As parents, one of the hardest things you’ll ever have to do is let go and give your child that freedom they’re going to want and need. You remember what it was like when you were there age. You wanted to be out with your friends doing your own thing and, while you may say to yourself, “yeah, but it was different back then,” this means nothing to your kid.
Basically, we have all got to let go sooner or later and our job as the parent is to protect but not smother, remember that. You are there to encourage them to be able to stand on their own two feet and do so safely. Granting them more independence doesn’t have to mean that anything goes and all rules are done with, it just means expanding their freedoms in a safe way and here are some of our top tips to help you:
Research Is King
When your child asks for that little bit more freedom, which they will do (in a really sweet and innocent way), do all your research on what that actually means and whether it is suitable for their age. Read books, ask teachers, look on the internet; it could be that your child just wants to be doing what is totally normal.
Keep Learning, Dad
Before technology took over the world, parents knew best. This has changed. They have grown up with it, know all the trends and all the stuff we have no idea about. You really need to educate yourself on this front. If they want to play Facebook games, then learn exactly what that means and what the risks are. If they want to go on YouTube to watch some video that everyone has been watching, find out what it is. Basically, the more you know the less reason there is to be anxious.
Be an Enforcer
You really need to have a way of checking what they are doing, whatever their latest activity is. This could be having access to their Facebook account to see what they are doing or who they are talking to or if you’re concerned about their online activity, there are ways to be monitoring iPhones without jailbreak so you can see exactly what is going on. Even having them send a text or call you at certain points when they are out is enough. Set rules, and if these get violated then have a suitable punishment that will teach them to respect what you are trying to do, which is keep them safe.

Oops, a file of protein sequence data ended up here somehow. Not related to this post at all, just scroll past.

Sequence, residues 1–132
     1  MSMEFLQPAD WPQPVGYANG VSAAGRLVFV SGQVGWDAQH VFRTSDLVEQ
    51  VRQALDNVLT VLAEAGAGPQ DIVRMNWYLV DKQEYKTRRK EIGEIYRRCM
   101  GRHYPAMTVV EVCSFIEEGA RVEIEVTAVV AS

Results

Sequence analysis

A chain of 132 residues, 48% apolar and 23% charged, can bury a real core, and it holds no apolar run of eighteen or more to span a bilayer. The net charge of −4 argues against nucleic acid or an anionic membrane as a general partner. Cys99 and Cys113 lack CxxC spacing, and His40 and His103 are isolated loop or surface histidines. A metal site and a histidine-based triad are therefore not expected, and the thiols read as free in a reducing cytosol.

Practice Makes Perfect
Something as simple as walking to school on their own may seem harmless to them, but not to you. So, to put your ease of mind and help them understand why you are on edge, have a few rehearsal runs. Go with a few times, let them prove they can cross the road safely and that they know the route and know what to do if a stranger approaches them. These are things you must get comfortable with and things they need to be confident at doing. They are life lessons you need to teach them. If you want them to walk with their friends just to be sure, fine; if that’s what it takes that is what it takes. Getting on board with this increase in freedom slowly is better than not at all.